The next day, when it’s time to make the ribwiches, start your charcoal grill with 3/4 can of charcoal or set up a two-zone gas grill with medium heat. For charcoal, when ready, set up a two-zone fire. 

Remove the seitan from the marinade and let rest at room temperature. Reserve the marinade to make the glaze. The leftover marinade can be stored in an airtight container to use for another meal.

When the grill is ready, make the glaze. Place the patties on the direct heat side of the grill and brush with the glaze. Cook 2-3 minutes to sear, then flip. Brush the seared side with glaze and cook for 2 minutes. Once both sides have been seared, move to the indirect heat side and continue glazing and flipping every 2 minutes until a thick caramelized coating is created. You want these rib patties to be really sticky and glazed.

1 cucumber, sliced in ¼” slices
2 teaspoons kosher salt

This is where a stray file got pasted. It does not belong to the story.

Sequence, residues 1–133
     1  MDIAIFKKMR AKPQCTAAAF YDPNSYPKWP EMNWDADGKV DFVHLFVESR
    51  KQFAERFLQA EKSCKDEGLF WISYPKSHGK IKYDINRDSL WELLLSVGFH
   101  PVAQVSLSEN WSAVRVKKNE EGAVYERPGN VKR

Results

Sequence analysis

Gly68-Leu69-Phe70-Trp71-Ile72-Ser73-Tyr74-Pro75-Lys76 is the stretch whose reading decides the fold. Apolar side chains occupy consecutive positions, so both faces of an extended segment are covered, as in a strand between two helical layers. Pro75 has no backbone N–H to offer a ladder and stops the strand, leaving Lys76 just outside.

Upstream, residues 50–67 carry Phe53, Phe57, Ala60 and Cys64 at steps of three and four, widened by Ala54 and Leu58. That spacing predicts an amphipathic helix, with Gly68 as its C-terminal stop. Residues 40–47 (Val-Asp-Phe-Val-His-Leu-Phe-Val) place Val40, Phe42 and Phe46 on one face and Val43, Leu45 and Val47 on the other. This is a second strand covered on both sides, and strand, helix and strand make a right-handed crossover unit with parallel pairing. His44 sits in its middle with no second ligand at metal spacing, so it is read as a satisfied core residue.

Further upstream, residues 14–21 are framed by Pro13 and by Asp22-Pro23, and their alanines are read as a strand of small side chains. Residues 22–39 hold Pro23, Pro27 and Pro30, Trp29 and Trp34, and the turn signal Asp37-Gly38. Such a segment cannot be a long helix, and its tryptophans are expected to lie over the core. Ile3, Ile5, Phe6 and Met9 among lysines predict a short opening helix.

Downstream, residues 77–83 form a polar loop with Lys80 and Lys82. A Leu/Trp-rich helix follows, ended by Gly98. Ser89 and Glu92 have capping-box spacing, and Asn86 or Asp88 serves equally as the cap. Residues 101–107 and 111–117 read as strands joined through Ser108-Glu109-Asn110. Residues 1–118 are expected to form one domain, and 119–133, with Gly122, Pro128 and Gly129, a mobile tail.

1 teaspoon gochugaru
1/4 cup rice vinegar
2 teaspoons white sugar
½ teaspoon sesame oil

In a medium bowl, sprinkle salt over cucumber slices and set aside at room temperature for 1 hour.

Drain and rinse the cucumber slices. In a small bowl, whisk together gochugaru, rice vinegar, sugar, and sesame oil. Pour over cucumber slices and toss to coat. Place in an airtight container and store in the fridge for at least 1 hour before using them.

Makes about 1 cup

1/3 cup brown sugar
3/4 cup spicy mustard
1/3 cup apple cider vinegar
1 tablespoon hot sauce (Frank’s, Texas Pete’s, Red Devil, etc.)
1/2 teaspoon black pepper
1/4 teaspoon kosher salt

Combine all ingredients in a saucepan. Whisk to combine and dissolve brown sugar. Bring to a boil then reduce heat and simmer for 15 minutes. Let cool to room temperature before using. Place in a jar or bottle and store in the refrigerator.


1 red onion, sliced thin
1 cup boiling water
1/2 cup red wine vinegar
Juice of 1 lime
1 tablespoon sugar
1 1/2 teaspoon kosher salt

Place red onion in a medium bowl or jar. In a small bowl, combine water, vinegar, sugar, and salt. Mix until sugar dissolves. Pour over red onion and toss to combine. Let sit at room temperature for at least an hour. Store in an airtight container in the refrigerator. 

Posted in bbq, bushwick, comfort food, cooking, food, foodmusic, grillclub, grilling, music, musicfood, pickles, recipe, sandwich, seitan, vaguely asian, vegetarian